Basic Approach to Emergent Programming: Feasibility Study for Engineering Adaptive Systems Using Self-organizing Instruction-Agents
We propose to investigate the concept of an Emergent Programming Environment enabling the development of complex adaptive systems. This is done as a means to tackle the problems of the growth in complexity of programming, increasing dynamisms in artificial systems and environments, and the lack of knowledge about difficult problems and their solutions. For this we use as a foundation the concept of emergence and a multi-agent system technology based on cooperative self-organizing mechanisms.
The general objective is then to develop a complete programming language in which each instruction is an autonomous agent trying to be in a cooperative state with the other agents of the system, as well as with the environment of the system. By endowing these instruction-agents with self-organizing mechanisms, we obtain a system able to continuously adapt to the task required by the programmer (i.e. to program and re-program itself depending on the needs). The work presented here aims at showing the feasibility of such a concept by specifying, and experimenting with, a core of instruction-agents needed for a sub-set of mathematical calculus.
KeywordsSearch Space Global Function Ambient Intelligence Autonomic Computing Emergent Phenomenon
Unable to display preview. Download preview PDF.
- 2.Ball, P.: The Self-Made Tapestry. Oxford Press (1999)Google Scholar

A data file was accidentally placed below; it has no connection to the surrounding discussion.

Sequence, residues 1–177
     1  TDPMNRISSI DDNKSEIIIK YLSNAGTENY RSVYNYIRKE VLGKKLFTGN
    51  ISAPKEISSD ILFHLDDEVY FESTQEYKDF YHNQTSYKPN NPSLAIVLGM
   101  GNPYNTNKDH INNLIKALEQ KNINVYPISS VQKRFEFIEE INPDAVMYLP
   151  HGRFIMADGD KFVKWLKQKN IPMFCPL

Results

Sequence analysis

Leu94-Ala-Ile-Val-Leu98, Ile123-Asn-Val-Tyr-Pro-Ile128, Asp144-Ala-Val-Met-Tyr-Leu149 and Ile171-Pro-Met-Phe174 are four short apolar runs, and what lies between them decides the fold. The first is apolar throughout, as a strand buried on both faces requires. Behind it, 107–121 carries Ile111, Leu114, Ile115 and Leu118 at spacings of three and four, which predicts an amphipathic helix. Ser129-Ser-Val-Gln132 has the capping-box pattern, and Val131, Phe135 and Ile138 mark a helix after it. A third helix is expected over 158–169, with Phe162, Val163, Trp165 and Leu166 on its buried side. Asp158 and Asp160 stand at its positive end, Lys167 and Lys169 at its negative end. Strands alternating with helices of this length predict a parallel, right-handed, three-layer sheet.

- 5.Capera, D., Georgé, J., Gleizes, M.-P., Glize, P.: Emergence of organisations, emergence of functions. In: AISB 2003 symposium on Adaptive Agents and Multi-Agent Systems (April 2003)Google Scholar
- 8.Georgé, J., Edmonds, B., Glize, P.: Self-organizing adaptive multi-agent systems work, ch.16, pp. 321–340. Kluwer Publishing, Dordrecht (2004)Google Scholar
- 9.Georgé, J.-P.: Résolution de problèmes par émergence - Étude d’un Environnement de Programmation Émergente. PhD thesis, Université Paul Sabatier, Toulouse, France (2004), http://www.irit.fr/SMAC/EPE.html
- 10.Georgé, J.P., Gleizes, M.P., Glize, P., Régis, C.: Real-time simulation for flood forecast: an adaptive multi-agent system staff. In: Kazakov, D., Kudenko, D., Alonso, E. (eds.) Proceedings of the AISB 2003 symposium on Adaptive Agents and Multi-Agent Systems(AAMAS 2003), April 7-11 2003, pp. 109–114. University of Wales, Aberystwyth (2003)Google Scholar
- 11.Gleizes, P.-P., Camps, V., Glize, P.: A theory of emergent computation based on cooperative self-oganization for adaptive artificial systems. In: Fourth European Congress of Systems Science, Valencia, Spain (1999)Google Scholar
- 12.Heylighen, F.: Evolution, selfishness and cooperation; selfish memes and the evolution of cooperation. Journal of Ideas 2(4), 70–84 (1992)Google Scholar
- 13.Heylighen, F.: The Science of Selforganization and Adaptivity,Encyclopedia of Life Support Systems. EOLSS Publishers Co. Ltd (2001)Google Scholar
- 14.Horn, P.: Autonomic computing - ibm’s perspective on the state of information technology (2001), http://www.ibm.com/research/autonomic
- 15.Huberman, B.: The performance of cooperative processes. MIT Press / North-Holland, Cambridge (1991)Google Scholar
- 16.Koza, J.R.: Evolution and co-evolution of computer programs to control independently-acting agents. In: From animals to animats: proceedings of the first international conference on Simulation of Adaptative Behavior (SAB). MIT Press, Cambridge (1991)Google Scholar
- 18.Weiser, M., Brown, J.S.: Designing calm technology. PowerGrid Journal 1(1) (1996)Google Scholar
- 19.Wooldridge, M.: An introduction to multi-agent systems. John Wiley & Sons, Chichester (2002)Google Scholar